By Jennifer Sheets
Imagine living each day being told aren’t smart enough, aren’t attractive enough, won’t live up to people’s expectations, and just plain aren’t good enough. Television ads tell you how to dress and how to act. Friends and coworkers make fun of your ideas and goals. Before long, these ideas become a reality and your failure and lack of self-confidence become expectations. Welcome to a woman’s world.
Before you roll your eyes and scoff at “just another feminist article,” think about it: how have you looked at women today? The average person sees 5,000 advertisements a day, many of which pose beautiful women in revealing clothing as erotic creatures inferior to, and less intelligent than, men. Most people, men and women alike, judge a woman based on her clothing, hair, makeup, sex appeal, and general ‘girly’ demeanor. Strong women are considered selfish and bitchy, reserved and intelligent women are uptight, and those who do not choose scantily clad clothing are prudes. Common language also breaks women down with such phrases as, ‘plays ball like a girl,’ ‘on the rag,’ ‘bitches,’ ‘quit being such a pussy,’ or ‘cries like a girl.’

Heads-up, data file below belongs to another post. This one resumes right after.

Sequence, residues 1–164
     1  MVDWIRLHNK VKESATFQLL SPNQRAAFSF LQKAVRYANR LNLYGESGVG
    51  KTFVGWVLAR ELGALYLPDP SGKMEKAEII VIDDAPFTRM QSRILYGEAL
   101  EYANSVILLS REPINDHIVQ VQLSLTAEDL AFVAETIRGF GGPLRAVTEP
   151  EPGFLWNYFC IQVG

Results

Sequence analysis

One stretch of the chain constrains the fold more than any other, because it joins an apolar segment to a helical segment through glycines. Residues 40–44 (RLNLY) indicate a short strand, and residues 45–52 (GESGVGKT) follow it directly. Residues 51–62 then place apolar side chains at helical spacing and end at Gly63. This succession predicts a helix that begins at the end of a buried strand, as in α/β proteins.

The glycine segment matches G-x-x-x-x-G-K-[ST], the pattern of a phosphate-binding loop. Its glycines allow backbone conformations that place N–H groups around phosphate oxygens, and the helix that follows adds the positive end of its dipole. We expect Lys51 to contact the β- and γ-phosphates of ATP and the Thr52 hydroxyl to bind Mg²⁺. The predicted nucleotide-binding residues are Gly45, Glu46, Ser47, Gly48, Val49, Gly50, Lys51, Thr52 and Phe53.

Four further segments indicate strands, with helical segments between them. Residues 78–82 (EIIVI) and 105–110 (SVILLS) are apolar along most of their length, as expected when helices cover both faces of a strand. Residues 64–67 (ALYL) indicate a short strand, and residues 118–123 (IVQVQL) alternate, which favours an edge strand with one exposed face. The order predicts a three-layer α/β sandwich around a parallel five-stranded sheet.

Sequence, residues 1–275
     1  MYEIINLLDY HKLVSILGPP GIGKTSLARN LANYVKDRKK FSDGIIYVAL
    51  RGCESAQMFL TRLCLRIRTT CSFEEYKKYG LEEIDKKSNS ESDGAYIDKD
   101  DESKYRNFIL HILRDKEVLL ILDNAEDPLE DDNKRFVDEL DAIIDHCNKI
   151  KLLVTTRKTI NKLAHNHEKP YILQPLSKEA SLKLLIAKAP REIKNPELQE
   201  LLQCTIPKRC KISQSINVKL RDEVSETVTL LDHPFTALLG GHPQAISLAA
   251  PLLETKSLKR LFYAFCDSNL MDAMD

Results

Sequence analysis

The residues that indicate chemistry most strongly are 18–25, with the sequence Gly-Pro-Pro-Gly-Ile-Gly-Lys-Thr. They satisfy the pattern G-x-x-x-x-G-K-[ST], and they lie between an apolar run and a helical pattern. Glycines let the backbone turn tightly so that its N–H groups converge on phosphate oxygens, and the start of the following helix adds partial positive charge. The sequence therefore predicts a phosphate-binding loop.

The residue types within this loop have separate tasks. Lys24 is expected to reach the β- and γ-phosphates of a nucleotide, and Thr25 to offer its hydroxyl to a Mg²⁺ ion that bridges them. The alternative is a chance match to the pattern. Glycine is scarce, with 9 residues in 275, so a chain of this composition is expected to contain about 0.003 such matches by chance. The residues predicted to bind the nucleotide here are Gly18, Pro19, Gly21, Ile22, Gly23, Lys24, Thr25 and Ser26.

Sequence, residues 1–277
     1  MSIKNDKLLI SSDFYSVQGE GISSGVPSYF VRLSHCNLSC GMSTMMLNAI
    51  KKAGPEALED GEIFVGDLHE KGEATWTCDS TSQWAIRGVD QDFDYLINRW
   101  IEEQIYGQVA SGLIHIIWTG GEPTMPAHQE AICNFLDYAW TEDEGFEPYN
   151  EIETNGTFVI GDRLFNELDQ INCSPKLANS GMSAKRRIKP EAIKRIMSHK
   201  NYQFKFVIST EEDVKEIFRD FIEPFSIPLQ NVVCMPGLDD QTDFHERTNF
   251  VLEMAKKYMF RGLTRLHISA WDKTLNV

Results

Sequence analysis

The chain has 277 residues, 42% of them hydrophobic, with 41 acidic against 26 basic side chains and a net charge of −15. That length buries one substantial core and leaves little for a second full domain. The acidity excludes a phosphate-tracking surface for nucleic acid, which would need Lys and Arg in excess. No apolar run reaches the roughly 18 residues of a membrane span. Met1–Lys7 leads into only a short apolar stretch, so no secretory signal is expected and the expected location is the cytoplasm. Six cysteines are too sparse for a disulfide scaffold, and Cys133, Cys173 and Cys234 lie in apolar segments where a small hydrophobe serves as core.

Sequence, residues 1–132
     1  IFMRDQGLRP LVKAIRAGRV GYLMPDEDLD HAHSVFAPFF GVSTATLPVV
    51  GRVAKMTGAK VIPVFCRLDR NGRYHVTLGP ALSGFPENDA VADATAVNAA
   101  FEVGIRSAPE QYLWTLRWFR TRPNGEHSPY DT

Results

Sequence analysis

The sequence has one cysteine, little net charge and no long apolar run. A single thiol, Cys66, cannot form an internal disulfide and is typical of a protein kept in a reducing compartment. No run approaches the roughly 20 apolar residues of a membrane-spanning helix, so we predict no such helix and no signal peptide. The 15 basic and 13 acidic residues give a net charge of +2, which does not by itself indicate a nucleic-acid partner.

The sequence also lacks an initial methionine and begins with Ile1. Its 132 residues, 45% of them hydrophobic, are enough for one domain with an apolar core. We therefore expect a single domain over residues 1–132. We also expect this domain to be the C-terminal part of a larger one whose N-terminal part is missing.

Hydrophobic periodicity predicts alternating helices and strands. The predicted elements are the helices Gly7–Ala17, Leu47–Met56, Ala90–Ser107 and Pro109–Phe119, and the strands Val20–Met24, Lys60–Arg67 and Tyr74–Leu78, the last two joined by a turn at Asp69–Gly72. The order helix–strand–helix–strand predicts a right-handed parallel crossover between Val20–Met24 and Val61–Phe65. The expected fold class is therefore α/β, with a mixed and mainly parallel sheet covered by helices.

Although women are considered inferior to men, in situations of harassment or rape the male is oftentimes considered the victim of circumstance. How many times have you heard, (or thought yourself,) “Look at her slutty outfit. She’s asking for negative attention.” Somehow we have established a cultural norm where if a woman chooses to dress “inappropriately” then men can’t be held responsible for their sexual harassment. Several years ago a woman was raped at a concert and had the courage to report it. The common response? “Just terrible…but what was she thinking walking around in a swim suit top and cut-off shorts?” What a woman decides to wear is no one’s business but her own. By using the woman’s clothing as an excuse for the rape, we are blatantly stating that the male was a victim and should not be held responsible for his actions. This sentiment is atrocious, and needs to be dealt with.
What can we do as a culture? Everyone – men and women – must partner in the struggle to shed light on the cultural harassment of women. Women should stand up for their right to be an individual, and men should stand up for the empowerment of women and stand against harassment. Reject media that represents women as objects of desire, stop using phrases that target women negatively, educate yourself and others on feminism and movements working to empower gender equality.
Get Educated! Get Involved!